Summer’s winding down

Ann Swanson

There is no doubt about it summer is winding down. Once the fair is finished the teams begin to practice for fall sports. College students pack up their things and leave for college. This year two of my grandchildren will take off for college. The other grandson will be playing soccer on the high school level.

It seems like there is so much to do to get everyone ready. First, I have to get my camper from the fairgrounds. Then, I have to empty the laundry and the refrigerator in it. While I love camping, it is a chore to get things straightened out again.

Did I mention that school starts in a couple weeks? At least I no longer have to get a classroom ready. One year my husband decided to take his mother to Virginia to visit her sister just before school started. I returned home just in time to go to school on the first day. That year I prepared my room well in advance so that I would be ready.

We had so much fun at Edna’s place in Virginia. We visited many area landmarks as well as just relaxed and visited on her ample porch. Edna took advantage of my husband being there to take a walk up on her hill. They were gone ever so long that my mother-in-law and I wondered what happened to them. I believe that was probably her last walk up there.

I remember the day when my children were leaving for college. My son took some of his stuff, but my daughter took everything she owned I think. Girls are like that. My son was able to stay in the dorm for the three years he was at Penn State. Now days it is only possible for the freshman to have dorm rooms and they are very crowded. They cost plenty, too. Even the cost of the meal plan has increased substantially.

Since I attended college in my home town I never had the pleasure of dorm life. I visited in the dorms and sometimes stayed overnight, but I did not live there. I lived at home and commuted to school. It was a lot cheaper, but I really feel that I missed something. You were not truly part of campus life.

I did experience dorm life as an adult. When I attended the 55 Plus Program at Chautauqua, we lived in the dorms. There were four of us to a room with a bathroom between. On one occasion the roommates on the other side were not nice to us. When my roommate left early I found out why. She kept locking them out of the bathroom.

Eventually, I moved to another dorm with private rooms but shared bathrooms. Getting used to a roommate is not easy. Meshing schedules and getting a long was work. I feel sorry for the students who have roommates that they cannot get along with.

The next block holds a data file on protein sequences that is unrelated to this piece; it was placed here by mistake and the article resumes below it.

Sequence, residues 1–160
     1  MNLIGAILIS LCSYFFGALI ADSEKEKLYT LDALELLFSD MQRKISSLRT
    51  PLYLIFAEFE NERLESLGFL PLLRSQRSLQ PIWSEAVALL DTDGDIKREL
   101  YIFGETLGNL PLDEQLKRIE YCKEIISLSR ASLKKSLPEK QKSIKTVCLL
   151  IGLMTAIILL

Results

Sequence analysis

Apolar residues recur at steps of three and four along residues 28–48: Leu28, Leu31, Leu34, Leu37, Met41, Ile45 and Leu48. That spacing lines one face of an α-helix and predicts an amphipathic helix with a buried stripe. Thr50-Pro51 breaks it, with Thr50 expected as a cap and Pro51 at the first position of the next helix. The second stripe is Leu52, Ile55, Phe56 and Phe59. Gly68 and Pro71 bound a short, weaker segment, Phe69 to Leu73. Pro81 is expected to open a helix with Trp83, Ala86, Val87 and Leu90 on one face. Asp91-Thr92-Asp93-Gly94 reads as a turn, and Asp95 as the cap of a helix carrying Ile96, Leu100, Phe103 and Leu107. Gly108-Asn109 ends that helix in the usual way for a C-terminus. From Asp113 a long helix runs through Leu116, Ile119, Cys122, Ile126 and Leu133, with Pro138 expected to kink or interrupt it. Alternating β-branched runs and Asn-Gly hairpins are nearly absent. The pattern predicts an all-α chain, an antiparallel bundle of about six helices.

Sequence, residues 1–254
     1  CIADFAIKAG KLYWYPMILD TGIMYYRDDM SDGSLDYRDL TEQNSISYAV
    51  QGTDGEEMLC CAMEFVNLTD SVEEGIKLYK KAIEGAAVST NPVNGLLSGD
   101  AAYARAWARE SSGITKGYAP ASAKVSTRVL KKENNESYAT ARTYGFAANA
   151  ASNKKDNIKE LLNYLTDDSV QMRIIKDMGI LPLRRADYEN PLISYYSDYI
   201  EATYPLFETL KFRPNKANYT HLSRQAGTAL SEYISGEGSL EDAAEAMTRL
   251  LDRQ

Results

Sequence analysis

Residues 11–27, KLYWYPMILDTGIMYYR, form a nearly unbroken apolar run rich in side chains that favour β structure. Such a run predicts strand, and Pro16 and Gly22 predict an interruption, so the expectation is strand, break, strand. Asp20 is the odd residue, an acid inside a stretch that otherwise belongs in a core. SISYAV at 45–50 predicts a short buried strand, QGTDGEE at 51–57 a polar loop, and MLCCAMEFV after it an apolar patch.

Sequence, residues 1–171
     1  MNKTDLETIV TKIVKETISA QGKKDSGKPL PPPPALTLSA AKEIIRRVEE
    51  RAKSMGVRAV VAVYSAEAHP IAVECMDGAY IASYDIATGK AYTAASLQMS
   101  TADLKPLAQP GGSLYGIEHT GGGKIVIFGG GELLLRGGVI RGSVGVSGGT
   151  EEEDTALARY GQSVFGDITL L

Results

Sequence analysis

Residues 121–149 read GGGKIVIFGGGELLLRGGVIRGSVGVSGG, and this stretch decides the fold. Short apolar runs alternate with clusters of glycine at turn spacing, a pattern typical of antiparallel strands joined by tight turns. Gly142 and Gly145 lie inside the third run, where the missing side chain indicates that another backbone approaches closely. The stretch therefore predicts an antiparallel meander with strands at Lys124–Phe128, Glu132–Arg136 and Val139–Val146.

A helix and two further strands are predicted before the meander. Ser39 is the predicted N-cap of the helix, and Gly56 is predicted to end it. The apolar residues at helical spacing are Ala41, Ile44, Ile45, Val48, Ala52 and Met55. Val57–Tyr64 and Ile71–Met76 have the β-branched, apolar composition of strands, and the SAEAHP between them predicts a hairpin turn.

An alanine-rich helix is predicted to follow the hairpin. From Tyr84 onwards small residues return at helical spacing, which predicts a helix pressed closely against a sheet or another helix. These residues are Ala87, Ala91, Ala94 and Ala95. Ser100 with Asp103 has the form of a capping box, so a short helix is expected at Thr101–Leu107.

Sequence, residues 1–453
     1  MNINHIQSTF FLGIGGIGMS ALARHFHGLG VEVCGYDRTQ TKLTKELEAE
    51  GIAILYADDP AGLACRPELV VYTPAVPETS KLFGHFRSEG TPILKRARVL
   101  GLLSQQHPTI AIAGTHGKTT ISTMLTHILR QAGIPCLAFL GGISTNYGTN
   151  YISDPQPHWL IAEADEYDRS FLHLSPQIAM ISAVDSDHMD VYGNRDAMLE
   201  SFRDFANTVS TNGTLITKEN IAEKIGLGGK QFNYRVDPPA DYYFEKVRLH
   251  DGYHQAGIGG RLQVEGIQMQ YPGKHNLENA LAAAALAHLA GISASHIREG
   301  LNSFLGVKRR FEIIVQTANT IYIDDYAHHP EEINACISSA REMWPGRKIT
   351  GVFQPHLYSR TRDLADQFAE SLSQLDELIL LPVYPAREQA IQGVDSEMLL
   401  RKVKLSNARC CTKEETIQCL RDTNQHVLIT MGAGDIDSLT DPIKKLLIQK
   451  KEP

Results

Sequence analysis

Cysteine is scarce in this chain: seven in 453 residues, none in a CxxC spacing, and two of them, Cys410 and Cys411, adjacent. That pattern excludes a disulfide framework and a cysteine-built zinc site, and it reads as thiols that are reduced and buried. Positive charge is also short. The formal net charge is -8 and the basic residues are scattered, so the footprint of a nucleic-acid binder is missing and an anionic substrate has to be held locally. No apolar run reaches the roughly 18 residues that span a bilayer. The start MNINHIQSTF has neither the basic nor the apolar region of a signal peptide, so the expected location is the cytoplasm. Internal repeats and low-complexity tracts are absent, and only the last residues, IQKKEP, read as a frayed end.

Soon students will be entering our schools. These days security is an issue. The thought of sending your children to a safe place is paramount. The world these days is a crazy place. It seems like you may not be safe anywhere.

I found this poem that I want to share with you. Hopefully it will make you think about how you can be that positive force in life.

One tree can start a forest;

One smile can begin a friendship;

One Hand can lift a soul;

One word can frame a goal;

One candle can wipe out darkness;

One laugh can conquer gloom;

One hope can raise our spirits;

One touch can show you care;

One life can make a difference,

Be that one today.

— B.J Gallagher from “Positive Outlooks”

Problems crop up in the most unusual places. People are asking for legislation to control guns. Guns are not the problem. Drugs and attitude are. When I was young I played with cap guns. Never did I think that I would get a real gun and kill someone. My children also were raised with toy guns. They played and ran around shooting each other but they knew it was play. I had to laugh when I taught kindergarten. Of course, guns were not allowed in school, but what could you do about fingers that pointed and shot?

I’d like to think that all of our school are safe. They have instituted safety measures such as locked doors. You have to ask to be let in these days. I only hope that this helps keep our children safe. I cannot fathom the frustration of the families of those who have lost children to gunmen.

Human life has to matter to all of us. No one has the right to snuff out the life of another, no matter what the circumstances. I pray all of the time for our policemen. They lay their lives on the line each and every day to keep us all safe. Imagine going up to one of those cars with the tinted glass. You cannot see who is in the vehicle much less if they have weaponry. It has to be scary. Then there are those domestic violence calls. When the police arrive, they do not know what they are facing. Often liquor and drugs are part of the equation. That is not a good combination.

Stop and say a prayer for all of the teachers and students who will enter our schools this year. Be that one that makes a difference.

Ann Swanson writes from her home in Russell, PA. Contact at hickoryheights1@verizon.net.

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